Driver using their phone while driving on the road

London continues to dominate mobile phone while driving convictions despite drop

The number of convictions for drivers using their phone have plummeted since 2012, but the figures in London remain disproportionately high, according to data from the Ministry of Justice.

The Metropolitan Police convicted 1,073 people in 2022, which is drastically down on the 7,239 in 2012 and 4,687 in 2018.

The number of convictions has also dropped by 80% across England and Wales, but London still makes up a disproportionate amount of the total number.

The figures indicate an 85.2% drop, which is the third highest of all regions in England and Wales, behind the South East (87.1%) and the East (85.6%).

The drop in convictions could be down to drivers following the rules after the introduction of the six point penalty plus £200 fine.

However, an RAC spokesperson and YouTuber CyclingMikey both asserted that the drop is more likely due to the lack of police enforcement.

RAC road safety spokesman Rod Dennis said: “Without the dial being turned up on enforcement, there’s every chance we will never bring about the change needed to curb this behaviour. 

“Ultimately, we have to make using a handheld phone at the wheel as socially unacceptable as drink-driving. 

“Despite the penalties for the offence being doubled to six penalty points and a £200 fine seven years ago, it’s clear far too many drivers are still prepared to put lives at risk by engaging in this dangerous practice.

“We suspect the main reason for this is the lack of enforcement which means there is little fear of being caught. 

“As it’s impossible to have a police officer on every street corner, we urge more police forces to begin trialling camera-based technology that can automatically detect drivers breaking the law in this way. 

“We know from our research that drivers are broadly supportive of cameras being used for this purpose.”

Overall in 2022, the Metropolitan Police made up 25% of all convictions for the crime in the whole of England and Wales.

A graph showing how London’s figures stand against the rest of England and Wales’ figures

That figure is the highest since 2019 but not as high as 2017 when London made up 41% of convictions for using a mobile phone whilst driving.

Road safety campaigner and YouTuber CyclingMikey said: “With all traffic offences, I don’t think there’s been nearly enough enforcement for many years now. I think that there should be a lot more.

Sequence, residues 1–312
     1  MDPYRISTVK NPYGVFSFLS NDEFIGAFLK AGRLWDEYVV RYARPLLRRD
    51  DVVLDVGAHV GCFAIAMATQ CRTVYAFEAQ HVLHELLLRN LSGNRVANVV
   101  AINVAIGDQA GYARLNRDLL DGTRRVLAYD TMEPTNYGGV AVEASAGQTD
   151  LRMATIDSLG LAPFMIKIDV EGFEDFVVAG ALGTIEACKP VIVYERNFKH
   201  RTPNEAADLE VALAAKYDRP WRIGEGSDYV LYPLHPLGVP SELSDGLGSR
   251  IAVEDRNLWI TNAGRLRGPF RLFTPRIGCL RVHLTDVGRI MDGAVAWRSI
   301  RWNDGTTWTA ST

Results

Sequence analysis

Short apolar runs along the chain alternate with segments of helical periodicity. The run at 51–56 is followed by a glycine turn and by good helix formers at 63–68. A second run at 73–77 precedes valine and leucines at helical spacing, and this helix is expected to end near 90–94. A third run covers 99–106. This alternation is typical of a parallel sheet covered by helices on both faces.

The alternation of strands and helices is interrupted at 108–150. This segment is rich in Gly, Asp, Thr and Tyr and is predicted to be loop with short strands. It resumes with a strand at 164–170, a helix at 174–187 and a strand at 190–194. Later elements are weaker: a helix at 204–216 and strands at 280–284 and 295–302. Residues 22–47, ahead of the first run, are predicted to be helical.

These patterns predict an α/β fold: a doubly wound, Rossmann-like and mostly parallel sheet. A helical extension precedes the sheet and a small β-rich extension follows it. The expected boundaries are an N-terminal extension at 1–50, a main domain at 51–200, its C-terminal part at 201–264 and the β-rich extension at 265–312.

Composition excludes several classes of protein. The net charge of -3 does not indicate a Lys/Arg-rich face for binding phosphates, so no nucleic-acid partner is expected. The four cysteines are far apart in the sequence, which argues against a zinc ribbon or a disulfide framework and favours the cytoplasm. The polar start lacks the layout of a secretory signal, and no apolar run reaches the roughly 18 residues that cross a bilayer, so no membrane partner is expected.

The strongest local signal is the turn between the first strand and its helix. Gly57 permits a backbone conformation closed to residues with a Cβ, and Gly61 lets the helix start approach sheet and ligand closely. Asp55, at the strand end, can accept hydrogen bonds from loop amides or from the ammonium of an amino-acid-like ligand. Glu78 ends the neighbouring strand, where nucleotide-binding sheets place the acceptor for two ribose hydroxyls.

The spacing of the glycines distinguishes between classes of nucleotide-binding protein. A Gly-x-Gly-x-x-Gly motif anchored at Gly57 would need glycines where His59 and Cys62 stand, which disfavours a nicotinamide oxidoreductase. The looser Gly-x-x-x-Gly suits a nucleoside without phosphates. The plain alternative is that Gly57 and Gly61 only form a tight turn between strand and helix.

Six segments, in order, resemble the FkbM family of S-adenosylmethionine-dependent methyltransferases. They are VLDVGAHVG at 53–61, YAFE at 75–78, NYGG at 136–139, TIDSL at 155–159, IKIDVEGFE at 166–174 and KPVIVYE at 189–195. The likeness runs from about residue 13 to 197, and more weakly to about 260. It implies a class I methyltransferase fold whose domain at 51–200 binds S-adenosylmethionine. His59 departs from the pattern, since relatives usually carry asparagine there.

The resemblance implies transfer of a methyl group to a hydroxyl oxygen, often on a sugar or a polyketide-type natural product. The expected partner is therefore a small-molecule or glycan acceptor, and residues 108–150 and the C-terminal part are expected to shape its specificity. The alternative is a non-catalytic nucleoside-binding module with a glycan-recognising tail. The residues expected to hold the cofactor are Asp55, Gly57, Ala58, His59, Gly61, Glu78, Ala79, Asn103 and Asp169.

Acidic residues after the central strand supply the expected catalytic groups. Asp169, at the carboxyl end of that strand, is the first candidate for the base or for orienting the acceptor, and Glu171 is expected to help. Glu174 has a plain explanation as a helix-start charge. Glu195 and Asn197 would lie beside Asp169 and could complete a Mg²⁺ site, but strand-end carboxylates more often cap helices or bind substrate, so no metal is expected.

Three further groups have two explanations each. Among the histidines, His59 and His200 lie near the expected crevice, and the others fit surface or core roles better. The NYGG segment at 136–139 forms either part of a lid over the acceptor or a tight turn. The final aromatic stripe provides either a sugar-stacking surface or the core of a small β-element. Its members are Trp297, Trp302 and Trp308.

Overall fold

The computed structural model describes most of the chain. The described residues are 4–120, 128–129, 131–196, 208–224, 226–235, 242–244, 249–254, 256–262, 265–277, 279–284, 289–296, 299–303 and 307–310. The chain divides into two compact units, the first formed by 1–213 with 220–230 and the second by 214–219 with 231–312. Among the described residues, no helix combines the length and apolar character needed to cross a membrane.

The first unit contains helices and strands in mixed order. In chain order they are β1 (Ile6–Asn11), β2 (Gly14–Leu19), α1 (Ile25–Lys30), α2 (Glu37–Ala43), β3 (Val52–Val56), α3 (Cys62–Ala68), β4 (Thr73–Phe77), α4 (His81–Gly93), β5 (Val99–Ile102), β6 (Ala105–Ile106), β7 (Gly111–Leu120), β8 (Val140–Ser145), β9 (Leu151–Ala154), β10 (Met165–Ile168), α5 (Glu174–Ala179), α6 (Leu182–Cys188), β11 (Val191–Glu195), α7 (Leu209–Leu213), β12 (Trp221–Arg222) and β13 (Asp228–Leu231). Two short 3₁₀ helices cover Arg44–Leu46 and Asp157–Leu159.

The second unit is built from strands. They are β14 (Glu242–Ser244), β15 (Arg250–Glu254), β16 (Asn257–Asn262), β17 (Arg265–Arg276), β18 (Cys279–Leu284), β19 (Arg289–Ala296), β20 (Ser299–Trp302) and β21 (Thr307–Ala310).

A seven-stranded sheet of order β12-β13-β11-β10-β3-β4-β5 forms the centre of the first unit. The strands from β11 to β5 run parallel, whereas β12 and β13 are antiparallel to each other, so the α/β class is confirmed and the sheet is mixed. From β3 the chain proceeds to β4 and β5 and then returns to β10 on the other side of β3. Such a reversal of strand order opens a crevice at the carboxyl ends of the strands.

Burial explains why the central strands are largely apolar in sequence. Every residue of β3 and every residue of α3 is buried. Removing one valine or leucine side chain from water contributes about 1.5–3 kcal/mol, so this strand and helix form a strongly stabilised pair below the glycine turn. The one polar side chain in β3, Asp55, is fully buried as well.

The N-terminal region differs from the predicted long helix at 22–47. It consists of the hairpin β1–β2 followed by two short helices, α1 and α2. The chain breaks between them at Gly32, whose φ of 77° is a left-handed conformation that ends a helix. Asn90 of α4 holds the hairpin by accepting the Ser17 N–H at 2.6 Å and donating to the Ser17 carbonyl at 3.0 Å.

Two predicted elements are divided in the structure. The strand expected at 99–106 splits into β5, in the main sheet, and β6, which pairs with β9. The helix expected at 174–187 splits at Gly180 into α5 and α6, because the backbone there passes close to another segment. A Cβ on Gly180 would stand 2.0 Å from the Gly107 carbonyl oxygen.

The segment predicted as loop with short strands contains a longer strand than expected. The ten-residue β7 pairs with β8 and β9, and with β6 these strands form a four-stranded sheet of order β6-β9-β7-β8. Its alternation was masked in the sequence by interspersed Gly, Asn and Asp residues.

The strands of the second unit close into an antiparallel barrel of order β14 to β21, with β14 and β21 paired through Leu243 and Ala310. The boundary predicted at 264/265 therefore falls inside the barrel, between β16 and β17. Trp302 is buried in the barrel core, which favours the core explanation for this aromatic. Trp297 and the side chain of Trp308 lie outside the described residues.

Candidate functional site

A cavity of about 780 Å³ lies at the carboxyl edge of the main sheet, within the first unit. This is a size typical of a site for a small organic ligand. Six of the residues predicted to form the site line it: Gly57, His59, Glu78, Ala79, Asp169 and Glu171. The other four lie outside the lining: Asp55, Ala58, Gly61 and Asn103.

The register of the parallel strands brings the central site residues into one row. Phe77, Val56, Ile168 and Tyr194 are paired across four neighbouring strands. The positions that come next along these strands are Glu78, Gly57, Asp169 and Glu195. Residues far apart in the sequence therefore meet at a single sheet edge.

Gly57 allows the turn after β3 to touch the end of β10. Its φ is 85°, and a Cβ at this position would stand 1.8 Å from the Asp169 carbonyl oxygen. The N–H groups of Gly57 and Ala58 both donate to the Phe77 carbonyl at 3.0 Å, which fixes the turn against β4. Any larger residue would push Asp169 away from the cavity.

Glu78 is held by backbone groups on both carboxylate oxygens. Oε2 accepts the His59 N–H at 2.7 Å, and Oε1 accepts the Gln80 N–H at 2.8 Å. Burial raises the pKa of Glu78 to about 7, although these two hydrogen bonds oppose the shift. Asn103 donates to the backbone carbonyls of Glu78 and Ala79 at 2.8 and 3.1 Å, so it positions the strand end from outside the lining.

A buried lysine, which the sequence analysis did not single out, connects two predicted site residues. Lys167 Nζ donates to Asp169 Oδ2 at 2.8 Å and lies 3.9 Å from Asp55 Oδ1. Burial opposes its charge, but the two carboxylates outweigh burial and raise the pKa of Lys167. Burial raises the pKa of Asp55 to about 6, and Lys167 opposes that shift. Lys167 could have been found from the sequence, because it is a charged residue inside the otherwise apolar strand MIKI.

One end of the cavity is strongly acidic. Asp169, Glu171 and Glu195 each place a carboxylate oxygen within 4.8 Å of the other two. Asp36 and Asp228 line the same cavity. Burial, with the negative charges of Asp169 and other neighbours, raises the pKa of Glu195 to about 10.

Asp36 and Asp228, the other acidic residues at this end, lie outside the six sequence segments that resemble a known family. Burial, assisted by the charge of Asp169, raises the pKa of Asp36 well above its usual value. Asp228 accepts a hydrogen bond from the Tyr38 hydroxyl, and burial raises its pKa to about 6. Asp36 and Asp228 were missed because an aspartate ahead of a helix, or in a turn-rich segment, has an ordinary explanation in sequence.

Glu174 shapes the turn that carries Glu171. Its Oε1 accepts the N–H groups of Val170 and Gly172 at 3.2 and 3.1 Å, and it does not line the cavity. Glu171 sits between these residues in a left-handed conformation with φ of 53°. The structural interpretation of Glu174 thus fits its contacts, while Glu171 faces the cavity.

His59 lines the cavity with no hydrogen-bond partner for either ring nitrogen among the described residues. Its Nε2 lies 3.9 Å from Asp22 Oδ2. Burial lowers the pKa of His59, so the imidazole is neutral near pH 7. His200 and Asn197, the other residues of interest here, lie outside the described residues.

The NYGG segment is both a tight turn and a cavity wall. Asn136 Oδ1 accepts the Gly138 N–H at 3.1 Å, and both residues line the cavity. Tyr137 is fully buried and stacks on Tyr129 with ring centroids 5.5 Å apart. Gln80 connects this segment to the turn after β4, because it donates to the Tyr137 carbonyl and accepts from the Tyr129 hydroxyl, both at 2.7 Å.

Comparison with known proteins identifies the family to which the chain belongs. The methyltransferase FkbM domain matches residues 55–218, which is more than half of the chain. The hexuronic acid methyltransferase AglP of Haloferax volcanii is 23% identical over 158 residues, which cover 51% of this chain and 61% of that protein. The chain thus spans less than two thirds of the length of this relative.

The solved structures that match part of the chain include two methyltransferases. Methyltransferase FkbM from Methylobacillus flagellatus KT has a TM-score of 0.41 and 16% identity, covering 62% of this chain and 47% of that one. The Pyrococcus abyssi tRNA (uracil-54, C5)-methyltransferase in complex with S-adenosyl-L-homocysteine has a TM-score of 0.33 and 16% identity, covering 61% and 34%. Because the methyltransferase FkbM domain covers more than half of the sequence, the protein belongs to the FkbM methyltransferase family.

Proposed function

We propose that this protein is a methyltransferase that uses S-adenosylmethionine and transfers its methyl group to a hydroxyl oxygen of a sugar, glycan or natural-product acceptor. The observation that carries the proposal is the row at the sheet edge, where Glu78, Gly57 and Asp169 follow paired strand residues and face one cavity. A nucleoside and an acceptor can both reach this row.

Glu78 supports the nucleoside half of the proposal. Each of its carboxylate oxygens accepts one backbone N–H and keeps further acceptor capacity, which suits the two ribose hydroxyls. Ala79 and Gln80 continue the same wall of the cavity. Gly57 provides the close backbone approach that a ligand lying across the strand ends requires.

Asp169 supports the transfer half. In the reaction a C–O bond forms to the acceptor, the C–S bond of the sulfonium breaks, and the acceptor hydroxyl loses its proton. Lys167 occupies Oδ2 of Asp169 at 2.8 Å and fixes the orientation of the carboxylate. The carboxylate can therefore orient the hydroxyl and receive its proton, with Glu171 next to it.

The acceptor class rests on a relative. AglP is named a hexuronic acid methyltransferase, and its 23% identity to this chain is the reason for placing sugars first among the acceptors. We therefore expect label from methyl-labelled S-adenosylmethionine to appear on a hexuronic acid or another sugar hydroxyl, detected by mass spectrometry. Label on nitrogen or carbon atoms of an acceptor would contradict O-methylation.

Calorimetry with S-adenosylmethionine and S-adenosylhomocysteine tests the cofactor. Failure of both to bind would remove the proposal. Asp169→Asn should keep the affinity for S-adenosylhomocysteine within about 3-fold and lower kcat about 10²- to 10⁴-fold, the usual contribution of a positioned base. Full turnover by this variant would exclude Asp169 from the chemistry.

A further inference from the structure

“The six point penalty and £200 fine is big enough already, maybe even slightly too harsh. Criminology 101 says that people will most likely stop offending because of the perceived chance of being caught.

“I would expect the figures to start rising again because third party reporting has exploded in the UK.

“There’s so much death caused by traffic collisions that it’s definitely something we should take more seriously.” 

Both the RAC and CyclingMikey claimed that convictions going down does not reflect the number of accidents.

Indeed, the number of road accidents in London went down by only 2.5% from 2012 to 2022, and 25% in England and Wales, Department for Transport data shows.

Therefore the drastic decline in the number of convictions for using mobile phones while driving does not reflect the steady decrease in road accidents.

A graph showing London’s road accidents as well as the total number in England and Wales

Regarding the RAC’s point on the necessity for societal change, CyclingMikey added: “I hope I’m part of that change, but I’m only one person and I can’t do that much on my own.

“I can affect a couple of hundred drivers a year myself and maybe nine times that if you count all the people they’ll complain to. 

“But if I go on social media, obviously then I can affect the thought process of millions more drivers and I can encourage other people to do this.”

The argument that the drop in convictions is due to a lack of enforcement across England and Wales can be discussed by looking at the size of police forces.

Interestingly, most police forces have increased in size in the last ten years, Yorkshire and the Humber in particular have increased by 13%, one of the highest, and their number of convictions have decreased by 65%.

In contrast, the Metropolitan Police expanded by 10% but their convictions reduced by 85%.

Ultimately, the difference in number of police officers does not reflect the difference in convictions from 2012 to 2022.

A map of England and Wales highlighting London as having the highest number of convictions

Featured Image credit: DPP Law via Flickr under CC BY 2.0 licence

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